Denise Robertson: How can a bag for life vastly increase our chances of death?

As the Government look to introduce a charge for carrier bags, Denise Robertson ponders the health implications

A shopper with carrier bags
A shopper with carrier bags

I left the D-Day beaches at 4pm last Tuesday and was driven 300km to Paris, to catch Eurostar.

I reached London in time to get the last train out of Kings Cross and got to bed at 3am. I got up at 8am because I had a lot to do before catching the train back to London.

Once at my hotel, I tumbled into bed, determined to get a good night’s sleep before I had to get up at 6.30am to do the voiceover for the film.

Predictably I couldn’t sleep. Revisiting old battlefields doesn’t make for a quiet mind. By the time the car came for me al l I wanted to do was sit back and close my eyes.

I know the driver well. He usually tells me about his wife’s boot sale exploits or, lately, the delayed arrival of his first grandchild. Today, though, he had other news. “I just had one of them opinion formers in the car.”

I opened one eye. “He knows you.” I don’t know too many opinion formers so I opened the other eye. “What was his name?” “David Banks.”

“Oh” I said. “I know David well. We write for the same paper.”

The driver seemed impressed. When he handed me out at the studio I felt my stock was definitely enhanced. Thank you, David.

:: If the quarter of a million letters I’ve received over the years have taught me anything it is that there is no template for human happiness.

What works for you would be disastrous for me and vice versa. So I can’t agree with Kirstie Allsopp when she says “I don’t have a daughter, but if I did I’d be saying “Darling, do you know what? Don’t go to university. Start work straight after school, stay at home, save up your deposit – I’ll help you, let’s get you into a flat. And then we can find you a nice boyfriend and you can have a baby by the time you’re 27.”

Wrath has descended upon Kirstie from every direction but, let’s face it, nowadays there is no shortage of those thirsting to hammer anyone who voices an opinion . . .or dares to admit they haven’t yet formed one . . .so it was jolly brave of Kirstie to speak her mind.

I don’t have advice for today’s young women. If babies young is their aim it’s also their privilege. If they want a career so be it. If they can manage both, why not. I suspect that most of them will, like me, have to adapt to what life throws at them. As Allen Saunders said, long before John Lennon borrowed it, “Life is what happens while you’re making plans.”

:: A judge is being castigated because he didn’t jail a woman who fraudulently claimed £144,000 in disability benefits when she was actually holidaying around the world and engaging in sports as vigorous as water skiing.

She was claiming for 24-hour live-in care while swimming in Florida, travelling twice on the QE2, crossing America by train as well as trips to Paris, Cuba and Niagara Falls. She falsely claimed Housing and Council Tax benefits for her former home for eight years after she had moved out to live with her partner in another county.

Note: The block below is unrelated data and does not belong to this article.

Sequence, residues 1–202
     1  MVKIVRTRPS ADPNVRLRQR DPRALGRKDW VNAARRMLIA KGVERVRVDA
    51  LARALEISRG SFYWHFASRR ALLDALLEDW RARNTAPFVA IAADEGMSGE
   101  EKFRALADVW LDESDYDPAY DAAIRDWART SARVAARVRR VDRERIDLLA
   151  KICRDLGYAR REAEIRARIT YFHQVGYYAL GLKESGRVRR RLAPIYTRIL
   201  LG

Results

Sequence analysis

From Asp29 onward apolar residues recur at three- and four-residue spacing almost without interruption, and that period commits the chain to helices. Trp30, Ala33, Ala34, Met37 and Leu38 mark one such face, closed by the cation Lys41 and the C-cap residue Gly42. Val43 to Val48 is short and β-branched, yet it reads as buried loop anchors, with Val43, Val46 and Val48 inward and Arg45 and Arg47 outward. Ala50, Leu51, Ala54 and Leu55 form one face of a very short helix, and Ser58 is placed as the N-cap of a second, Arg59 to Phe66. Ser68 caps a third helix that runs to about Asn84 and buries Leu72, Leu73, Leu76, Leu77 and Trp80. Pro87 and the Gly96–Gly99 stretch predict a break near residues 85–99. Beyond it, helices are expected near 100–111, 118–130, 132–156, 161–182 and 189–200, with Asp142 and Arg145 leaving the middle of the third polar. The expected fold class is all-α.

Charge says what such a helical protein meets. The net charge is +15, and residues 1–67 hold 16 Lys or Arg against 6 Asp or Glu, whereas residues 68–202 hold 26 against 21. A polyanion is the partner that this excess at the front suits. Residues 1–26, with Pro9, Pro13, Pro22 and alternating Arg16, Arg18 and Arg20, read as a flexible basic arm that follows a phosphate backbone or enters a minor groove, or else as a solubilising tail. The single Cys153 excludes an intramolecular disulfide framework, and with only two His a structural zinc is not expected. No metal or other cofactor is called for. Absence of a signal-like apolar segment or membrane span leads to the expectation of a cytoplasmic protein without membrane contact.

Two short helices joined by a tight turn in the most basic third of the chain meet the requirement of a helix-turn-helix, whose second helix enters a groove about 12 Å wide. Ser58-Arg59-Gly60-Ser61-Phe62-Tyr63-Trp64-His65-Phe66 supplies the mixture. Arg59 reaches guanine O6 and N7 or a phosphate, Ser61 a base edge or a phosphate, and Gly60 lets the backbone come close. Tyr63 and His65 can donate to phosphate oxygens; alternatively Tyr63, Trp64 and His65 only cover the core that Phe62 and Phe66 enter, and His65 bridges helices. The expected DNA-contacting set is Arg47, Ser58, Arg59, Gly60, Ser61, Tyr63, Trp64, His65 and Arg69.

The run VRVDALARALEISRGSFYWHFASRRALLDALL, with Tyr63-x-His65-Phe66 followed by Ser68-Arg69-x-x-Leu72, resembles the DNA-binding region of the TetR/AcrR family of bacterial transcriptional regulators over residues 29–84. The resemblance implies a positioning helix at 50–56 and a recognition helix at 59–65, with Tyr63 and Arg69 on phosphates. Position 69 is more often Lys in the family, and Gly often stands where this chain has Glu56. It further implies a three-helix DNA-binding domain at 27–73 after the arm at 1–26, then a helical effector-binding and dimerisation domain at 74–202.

The fraud stopped when she was caught but that took nearly twenty years. How, when I hear weekly from truly disabled people being tormented by forms and checks and medicals, did she get away with it? I’m told of payments being suspended because a tiny piece of paperwork is late or someone got muddled and missed an appointment.

Why no checks on her? Who rubber-stamped all that largesse? Sending her to prison is not the answer. The system needs overhauling.

:: I used to look from the train and see, in the distance, a tree in blossom. Alas, when the train drew near the ‘blossom’ would turn out to be plastic bags impaled on branches. Disused bags litter Britain’s coastline and damage wildlife which become entangled in them or mistake them for food.

More than eight billion disposable bags are used in England each year and they can take up to 1,000 years to degrade so for years I’ve carried my ‘long-life- bags’ back and forth from the supermarket.

Now the Government propose to impose a 5p charge which is expected to cut their use by at least three-quarters and raise millions of pounds a year for charities. I ought to be delighted but already a counter-argument is emerging.

International studies have shown that an increase in the use of “bags for life” can lead to a spike in illness rates as shoppers place new items in bags already used to store fresh meat and raw vegetables.

A ban on plastic bags in San Francisco may have increased deaths from food poisoning by over 50 per cent in a year.

Hugh Pennington, of Aberdeen University, who has chaired two major inquiries into E.coli, said it could result in “an increase in the number of cases of food poisoning”.

But, he added, packaged supermarket products should be entirely safe in re-used bags and present no threat to health.

That sounds fine but will the products be packaged in even denser plastic, making it even harder to dispose of?

In this, as in so many other things, where does right lie?

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